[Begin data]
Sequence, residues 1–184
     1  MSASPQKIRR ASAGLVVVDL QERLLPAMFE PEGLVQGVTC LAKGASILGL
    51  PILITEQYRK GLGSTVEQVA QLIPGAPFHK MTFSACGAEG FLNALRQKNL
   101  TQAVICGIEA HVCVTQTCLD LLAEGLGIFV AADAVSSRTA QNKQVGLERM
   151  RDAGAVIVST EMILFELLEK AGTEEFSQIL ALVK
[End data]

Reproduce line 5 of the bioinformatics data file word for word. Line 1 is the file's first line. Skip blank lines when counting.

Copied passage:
   151  RDAGAVIVST EMILFELLEK AGTEEFSQIL ALVK